Thus if we adopt a business model of selling the cars without the battery, so that the battery is rented instead of owned, then the cost of the battery is absorbed into the annual electric bill, and since an electric car without battery is even cheaper than a gasoline car (electric cars have less components and such cars last even longer due to less moving parts), it follows that electric cars will be very competitive at slightly higher gasoline prices. And beyond this decade we can be sure that there will be better and cheaper batteries.
I bet that by the end of this decade these batteries will probably last 20 years instead of the current 10 years and the cost will be less than $10,000.
Battery price should be expressed per Joule of storage, over the life cycle of the battery. That Alan Mulally would express battery price in terms of mileage says something about missed opportunities to redefine our vehicles. The low hanging technological fruit is in matching our goals with the capabilities of batteries and more slippery vehicles. Cheap gas lets you afford to put people side-by-side, with extravagant spare vehicle capacity. Batteries will remain relatively expensive, so let's deal with it.
Batteries are an old, old technology that have had massive resources from many industries, governments, and militaries poured into their R&D and manufacture over many, many decades.. The idea that we're going to find a huge breakthroughs in battery tech in the next decade or two is ludicrous. We will see small improvements, A few % here a few % there. Cutting costs by a factor of 2 or 3 flies in the face of all available evidence.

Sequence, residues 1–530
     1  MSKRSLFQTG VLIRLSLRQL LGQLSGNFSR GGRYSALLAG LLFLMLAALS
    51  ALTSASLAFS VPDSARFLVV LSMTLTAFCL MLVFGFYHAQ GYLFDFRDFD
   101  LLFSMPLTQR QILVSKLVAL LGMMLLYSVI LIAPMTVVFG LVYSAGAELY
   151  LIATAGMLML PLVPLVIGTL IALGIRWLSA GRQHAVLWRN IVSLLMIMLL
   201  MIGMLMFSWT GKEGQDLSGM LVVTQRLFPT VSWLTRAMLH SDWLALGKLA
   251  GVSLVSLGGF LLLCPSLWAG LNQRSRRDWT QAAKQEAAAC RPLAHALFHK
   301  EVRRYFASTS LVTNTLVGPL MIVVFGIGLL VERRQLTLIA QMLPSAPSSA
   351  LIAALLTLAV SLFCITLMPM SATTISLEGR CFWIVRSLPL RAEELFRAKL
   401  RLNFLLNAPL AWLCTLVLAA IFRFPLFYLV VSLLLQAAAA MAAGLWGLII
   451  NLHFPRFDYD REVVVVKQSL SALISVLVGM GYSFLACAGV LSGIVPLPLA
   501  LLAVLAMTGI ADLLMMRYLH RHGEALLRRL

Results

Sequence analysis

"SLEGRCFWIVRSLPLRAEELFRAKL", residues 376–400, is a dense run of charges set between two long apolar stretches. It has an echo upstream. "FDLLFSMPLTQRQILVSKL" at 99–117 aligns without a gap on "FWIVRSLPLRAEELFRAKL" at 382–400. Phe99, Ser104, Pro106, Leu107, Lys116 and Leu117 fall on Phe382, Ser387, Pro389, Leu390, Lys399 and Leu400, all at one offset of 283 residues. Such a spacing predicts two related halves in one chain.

So what are the costs per kilowatt-hour for power tool and laptop batteries at the moment?
Thanks for the interesting links.
But consider: IBM's lithium air batteries might be ready by 2022. Well past Peak Oil. Also, the aluminum/air battery research paper is already 10 years old. Where's the market revolutionizing product? The zinc air article is focused around grid storage.
The Sumitomo/Kyoto molten salt battery might be the ticket though. Will it really get commercialized by 2015? That still pushes out EVs until the latter half of the decade.
My views are closer to your own. If we are going to be stuck with expensive batteries even when gasoline hits $6 per gallon we are going to have to deal with the shift away from oil without a technological revolution. Much smaller vehicles (all the way down to electric-powered bicycles and scooters) is one way to go. Making cars even more efficient is another way. Also, for people with shorter commutes smaller batteries and recharging at both ends could do the trick.
For a lot of people just moving up to a 60+ mpg hybrid (which is not a great stretch from a 50 mpg hybrid) would let them handle a doubling or tripling of gasoline prices.
"But when will enough batteries for 100 mile range hit a more reasonable $5000?"